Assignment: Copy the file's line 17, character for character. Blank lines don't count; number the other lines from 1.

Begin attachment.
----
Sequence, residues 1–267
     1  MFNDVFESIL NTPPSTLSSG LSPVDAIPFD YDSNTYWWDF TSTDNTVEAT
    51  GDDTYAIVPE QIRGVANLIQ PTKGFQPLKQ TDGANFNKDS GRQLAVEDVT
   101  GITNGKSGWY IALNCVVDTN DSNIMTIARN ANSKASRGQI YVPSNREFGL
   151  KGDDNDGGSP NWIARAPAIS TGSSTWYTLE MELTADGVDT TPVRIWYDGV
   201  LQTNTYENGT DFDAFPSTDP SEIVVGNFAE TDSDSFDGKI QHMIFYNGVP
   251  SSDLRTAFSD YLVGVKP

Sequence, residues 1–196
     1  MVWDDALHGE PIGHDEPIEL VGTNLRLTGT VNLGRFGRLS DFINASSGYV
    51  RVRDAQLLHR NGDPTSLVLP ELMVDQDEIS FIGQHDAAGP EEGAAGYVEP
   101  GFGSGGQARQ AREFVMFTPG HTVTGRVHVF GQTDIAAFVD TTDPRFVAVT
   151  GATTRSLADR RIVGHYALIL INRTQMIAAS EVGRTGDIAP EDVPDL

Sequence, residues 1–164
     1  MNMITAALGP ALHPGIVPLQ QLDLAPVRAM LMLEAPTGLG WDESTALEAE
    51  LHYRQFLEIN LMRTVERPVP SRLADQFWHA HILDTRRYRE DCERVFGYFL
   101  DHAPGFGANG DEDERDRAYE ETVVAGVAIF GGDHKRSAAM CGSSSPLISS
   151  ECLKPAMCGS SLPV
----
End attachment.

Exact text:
   151  ECLKPAMCGS SLPV